WASHINGTON - Unemployment rates fell in nearly all large U.S. cities in September, a sign that recent jobs gains have been widespread.
The Labor Department said Tuesday that rates declined in 355 of the 372 metro areas, the most since April. The report also shows that nearly half of cities now have unemployment rates below 7 percent.
And the number of areas with unemployment rates above 10 percent dropped to 35. That's down from 84 a year ago.
Rates rose in September in only 11 cities and were unchanged in six.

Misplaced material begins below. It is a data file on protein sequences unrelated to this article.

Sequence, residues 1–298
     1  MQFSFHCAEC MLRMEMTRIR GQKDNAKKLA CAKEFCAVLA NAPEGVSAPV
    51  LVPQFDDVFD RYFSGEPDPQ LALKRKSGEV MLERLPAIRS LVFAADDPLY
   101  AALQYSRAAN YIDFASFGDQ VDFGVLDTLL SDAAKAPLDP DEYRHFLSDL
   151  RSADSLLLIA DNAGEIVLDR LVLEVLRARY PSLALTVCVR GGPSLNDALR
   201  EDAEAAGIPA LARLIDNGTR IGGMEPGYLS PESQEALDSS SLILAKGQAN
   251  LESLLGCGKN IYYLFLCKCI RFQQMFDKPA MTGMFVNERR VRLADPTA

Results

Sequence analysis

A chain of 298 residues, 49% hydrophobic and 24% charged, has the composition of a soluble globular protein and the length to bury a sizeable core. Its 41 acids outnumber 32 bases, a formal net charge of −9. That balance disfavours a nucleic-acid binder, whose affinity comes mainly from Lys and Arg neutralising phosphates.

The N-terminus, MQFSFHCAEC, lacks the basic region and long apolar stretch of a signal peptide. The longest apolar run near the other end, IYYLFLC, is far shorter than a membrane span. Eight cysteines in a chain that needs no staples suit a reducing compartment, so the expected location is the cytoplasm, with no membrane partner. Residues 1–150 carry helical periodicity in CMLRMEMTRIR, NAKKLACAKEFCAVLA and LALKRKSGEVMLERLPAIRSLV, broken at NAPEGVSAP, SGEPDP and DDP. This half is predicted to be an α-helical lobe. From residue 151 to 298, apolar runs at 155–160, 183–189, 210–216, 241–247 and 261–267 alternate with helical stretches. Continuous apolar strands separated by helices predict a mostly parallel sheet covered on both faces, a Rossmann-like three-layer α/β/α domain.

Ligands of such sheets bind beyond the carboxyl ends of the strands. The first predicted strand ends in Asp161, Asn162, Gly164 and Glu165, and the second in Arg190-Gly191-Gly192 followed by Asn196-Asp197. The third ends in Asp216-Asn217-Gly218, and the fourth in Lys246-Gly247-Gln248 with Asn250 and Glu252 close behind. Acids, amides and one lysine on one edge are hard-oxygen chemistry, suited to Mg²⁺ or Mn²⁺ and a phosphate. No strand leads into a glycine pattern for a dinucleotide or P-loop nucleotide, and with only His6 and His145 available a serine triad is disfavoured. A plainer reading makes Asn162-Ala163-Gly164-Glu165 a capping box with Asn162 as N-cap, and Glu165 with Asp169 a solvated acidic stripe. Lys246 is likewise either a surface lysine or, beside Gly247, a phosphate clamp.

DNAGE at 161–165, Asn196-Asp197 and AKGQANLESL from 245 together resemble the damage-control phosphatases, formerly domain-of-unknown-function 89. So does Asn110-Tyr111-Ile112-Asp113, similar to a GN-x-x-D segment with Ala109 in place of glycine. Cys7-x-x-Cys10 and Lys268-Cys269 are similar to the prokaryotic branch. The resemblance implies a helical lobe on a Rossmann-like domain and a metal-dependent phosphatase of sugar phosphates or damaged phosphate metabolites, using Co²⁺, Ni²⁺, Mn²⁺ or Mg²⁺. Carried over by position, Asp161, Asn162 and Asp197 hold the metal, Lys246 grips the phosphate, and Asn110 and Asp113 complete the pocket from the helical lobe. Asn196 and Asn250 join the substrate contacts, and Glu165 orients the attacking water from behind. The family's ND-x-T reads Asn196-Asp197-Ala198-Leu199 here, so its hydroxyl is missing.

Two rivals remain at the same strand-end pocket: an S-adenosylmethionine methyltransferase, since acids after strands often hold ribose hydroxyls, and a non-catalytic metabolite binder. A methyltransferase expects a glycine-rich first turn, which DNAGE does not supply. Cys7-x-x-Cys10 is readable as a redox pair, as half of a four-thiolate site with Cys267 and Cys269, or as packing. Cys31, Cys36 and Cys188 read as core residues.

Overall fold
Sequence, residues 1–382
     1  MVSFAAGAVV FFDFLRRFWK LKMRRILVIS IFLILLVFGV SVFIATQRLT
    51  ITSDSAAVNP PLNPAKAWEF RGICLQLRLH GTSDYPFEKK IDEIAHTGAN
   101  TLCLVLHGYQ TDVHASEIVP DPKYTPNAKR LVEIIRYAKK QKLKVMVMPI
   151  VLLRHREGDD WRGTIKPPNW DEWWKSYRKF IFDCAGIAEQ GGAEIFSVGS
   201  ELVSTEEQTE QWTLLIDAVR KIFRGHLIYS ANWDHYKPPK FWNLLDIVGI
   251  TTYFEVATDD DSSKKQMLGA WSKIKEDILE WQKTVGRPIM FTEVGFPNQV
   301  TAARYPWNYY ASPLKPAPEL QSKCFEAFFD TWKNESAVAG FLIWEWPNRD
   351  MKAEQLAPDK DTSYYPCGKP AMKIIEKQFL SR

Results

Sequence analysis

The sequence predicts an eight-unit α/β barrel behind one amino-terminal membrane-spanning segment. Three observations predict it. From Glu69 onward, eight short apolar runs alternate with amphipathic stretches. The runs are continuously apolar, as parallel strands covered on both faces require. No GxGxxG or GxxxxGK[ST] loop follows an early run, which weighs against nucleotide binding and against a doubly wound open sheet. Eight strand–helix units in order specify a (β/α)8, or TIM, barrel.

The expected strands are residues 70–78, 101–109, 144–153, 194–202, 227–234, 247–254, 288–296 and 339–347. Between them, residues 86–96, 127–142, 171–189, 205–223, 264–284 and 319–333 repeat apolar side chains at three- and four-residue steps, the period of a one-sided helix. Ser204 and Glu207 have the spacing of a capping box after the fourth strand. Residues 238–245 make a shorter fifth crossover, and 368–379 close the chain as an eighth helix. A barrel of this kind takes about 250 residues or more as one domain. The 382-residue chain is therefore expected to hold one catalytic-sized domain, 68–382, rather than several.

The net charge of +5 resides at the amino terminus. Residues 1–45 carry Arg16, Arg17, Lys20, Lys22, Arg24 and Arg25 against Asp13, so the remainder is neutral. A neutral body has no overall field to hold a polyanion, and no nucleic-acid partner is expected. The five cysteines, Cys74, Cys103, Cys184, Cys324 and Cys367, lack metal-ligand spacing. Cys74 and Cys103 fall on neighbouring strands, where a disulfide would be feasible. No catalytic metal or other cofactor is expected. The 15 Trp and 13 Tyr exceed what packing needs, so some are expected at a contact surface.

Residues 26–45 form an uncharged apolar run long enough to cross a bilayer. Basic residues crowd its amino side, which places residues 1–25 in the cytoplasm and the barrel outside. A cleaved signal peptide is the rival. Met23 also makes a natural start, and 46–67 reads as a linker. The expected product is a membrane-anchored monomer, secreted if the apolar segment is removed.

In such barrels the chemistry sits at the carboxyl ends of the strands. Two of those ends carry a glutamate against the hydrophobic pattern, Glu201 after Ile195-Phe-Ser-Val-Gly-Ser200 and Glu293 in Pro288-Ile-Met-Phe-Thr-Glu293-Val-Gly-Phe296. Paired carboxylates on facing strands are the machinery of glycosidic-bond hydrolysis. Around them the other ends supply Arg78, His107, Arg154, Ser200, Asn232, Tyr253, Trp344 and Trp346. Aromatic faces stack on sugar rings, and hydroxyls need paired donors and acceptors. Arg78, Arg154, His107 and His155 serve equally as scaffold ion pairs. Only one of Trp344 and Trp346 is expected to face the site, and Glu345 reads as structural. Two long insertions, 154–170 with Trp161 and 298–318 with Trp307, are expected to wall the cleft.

Nationwide, the unemployment rate fell to 7.8 percent in September. It was the first time the rate has fallen below 8 percent since January 2009 - President Obama's first month in office.
Unlike the national numbers, the metro rates aren't adjusted for seasonal patterns. Much of the decline likely reflects school-related employees, such as bus drivers and cafeteria workers, who returned to work.
The report on local unemployment rates comes a week before the presidential election. Many hard-hit cities in key swing states have seen their rates drop in the past year, although some still have rates well above the national level.
For example, the unemployment rate in Las Vegas was 11.5 percent last month. That's down from 14 percent a year ago.
In the Miami metro area, the rate fell to 8.4 percent last month, from 10.4 percent a year earlier.